Rescue. Advocacy. Sanctuary. For Life.
Since 1984

September 2021 | Newsletter
The cubs preferred being on top of their den box,
so PAWS' staff made it cozy with branches, leaves, and pine needles.

PAWS Helps Orphaned Bear Cubs
Along Their Journey Back to Freedom
PAWS is often called on to help wild animals in need, but in this case three bear cubs will have the best outcome possible: They will one day again live as free-ranging bears!
It began with a phone call from the California Department of Fish and Wildlife (CDFW), asking if PAWS would temporarily care for three orphaned black bear cubs. The cubs had been found wandering without their mother in Mariposa County, in close proximity to people. Out of concern for their safety the agency captured them, and determined that the cubs were too young to survive on their own. Of course we said yes to caring for the cubs.

The bears, who are all female and estimated to be about six months old, were brought to PAWS on September 4, 2021. We are pleased to report that they were just recently transferred from PAWS to the San Diego Humane Society's Ramona Wildlife Center, where they will be cared for until they are ready for release back to the wild. The cubs received an exam upon their arrival, and they are in good health.
Wild black bear cubs typically stay with their mothers for up to two years after birth, learning important survival skills such as where to find food and water, and how to stay safe and avoid danger. Bear cubs are very intelligent and curious, and great care must be taken while they are in captivity to discourage them from becoming habituated to, and dependent on, humans. PAWS' Bob Barker Bear Habitat at ARK 2000 provided a peaceful, natural setting for the cubs, far from most human activity. It is a piece of unspoiled California foothill habitat filled with oak trees and native grasses, where the cubs were surrounded by the sights, smells, and sounds of nature.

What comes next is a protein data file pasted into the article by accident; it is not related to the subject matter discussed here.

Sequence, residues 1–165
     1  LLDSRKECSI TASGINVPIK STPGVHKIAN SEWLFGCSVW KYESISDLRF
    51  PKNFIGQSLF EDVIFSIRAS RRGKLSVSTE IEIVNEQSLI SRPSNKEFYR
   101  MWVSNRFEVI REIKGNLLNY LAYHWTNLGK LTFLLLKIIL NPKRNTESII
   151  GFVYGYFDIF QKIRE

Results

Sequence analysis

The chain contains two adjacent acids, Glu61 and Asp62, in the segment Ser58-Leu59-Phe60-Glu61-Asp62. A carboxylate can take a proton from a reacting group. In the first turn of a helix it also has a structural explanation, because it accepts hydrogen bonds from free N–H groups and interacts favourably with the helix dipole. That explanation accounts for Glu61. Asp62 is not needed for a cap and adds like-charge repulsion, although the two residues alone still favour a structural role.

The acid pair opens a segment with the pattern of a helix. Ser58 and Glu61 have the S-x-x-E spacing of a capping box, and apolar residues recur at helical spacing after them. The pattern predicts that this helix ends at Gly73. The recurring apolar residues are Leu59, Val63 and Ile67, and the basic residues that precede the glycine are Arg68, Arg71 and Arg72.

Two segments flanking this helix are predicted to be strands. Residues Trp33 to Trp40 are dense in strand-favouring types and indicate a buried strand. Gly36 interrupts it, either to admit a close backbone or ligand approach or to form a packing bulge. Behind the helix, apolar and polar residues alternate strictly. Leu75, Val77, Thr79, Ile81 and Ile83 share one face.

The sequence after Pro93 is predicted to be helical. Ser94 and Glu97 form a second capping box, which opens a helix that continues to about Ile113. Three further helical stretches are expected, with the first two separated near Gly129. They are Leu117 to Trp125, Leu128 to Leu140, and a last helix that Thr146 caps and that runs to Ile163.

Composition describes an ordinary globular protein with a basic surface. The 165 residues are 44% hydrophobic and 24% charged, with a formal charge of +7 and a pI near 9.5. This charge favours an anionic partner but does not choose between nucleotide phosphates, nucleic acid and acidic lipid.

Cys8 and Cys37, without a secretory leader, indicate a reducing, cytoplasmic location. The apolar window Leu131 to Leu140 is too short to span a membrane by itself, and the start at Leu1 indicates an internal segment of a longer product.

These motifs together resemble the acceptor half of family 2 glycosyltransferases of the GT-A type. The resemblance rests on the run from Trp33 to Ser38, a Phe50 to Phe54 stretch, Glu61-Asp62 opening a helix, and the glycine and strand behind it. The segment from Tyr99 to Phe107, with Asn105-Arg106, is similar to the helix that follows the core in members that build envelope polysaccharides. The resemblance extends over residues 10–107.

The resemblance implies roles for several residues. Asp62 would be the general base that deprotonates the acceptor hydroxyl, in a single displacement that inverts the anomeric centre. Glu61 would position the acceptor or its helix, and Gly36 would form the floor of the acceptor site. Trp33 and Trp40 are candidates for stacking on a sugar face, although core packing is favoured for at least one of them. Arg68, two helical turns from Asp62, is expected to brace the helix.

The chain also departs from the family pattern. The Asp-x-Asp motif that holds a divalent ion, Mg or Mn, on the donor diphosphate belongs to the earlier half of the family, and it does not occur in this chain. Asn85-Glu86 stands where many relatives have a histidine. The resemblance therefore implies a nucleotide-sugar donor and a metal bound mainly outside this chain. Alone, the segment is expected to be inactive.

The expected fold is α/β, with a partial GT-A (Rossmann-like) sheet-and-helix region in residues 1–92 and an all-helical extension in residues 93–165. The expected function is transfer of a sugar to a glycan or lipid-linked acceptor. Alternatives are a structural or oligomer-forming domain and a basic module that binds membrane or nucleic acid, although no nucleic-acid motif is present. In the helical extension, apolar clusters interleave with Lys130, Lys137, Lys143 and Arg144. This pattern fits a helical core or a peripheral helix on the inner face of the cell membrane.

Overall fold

The bear cubs enjoyed using their claws and teeth to dig through logs to find the delicious termites and other insects inside.
PAWS' experienced bear caregiver staff did a wonderful job caring for the cubs. They provided nutritious foods such as acorns and other nuts and fruits still attached to branches. This helped the cubs to learn about foods that may be components of their diet after they are returned to the wild. Staff also hid food items under leaves and pine needles (pictured), under rocks and logs, and hung berries on the vine around their enclosure so the cubs were encouraged to forage for food. PAWS Director of Veterinary Services Dr. Jackie Gai and our staff received helpful tips from the Ramona Wildlife Center, with ideas on how to care for the cubs while preserving their wildness as much as is possible.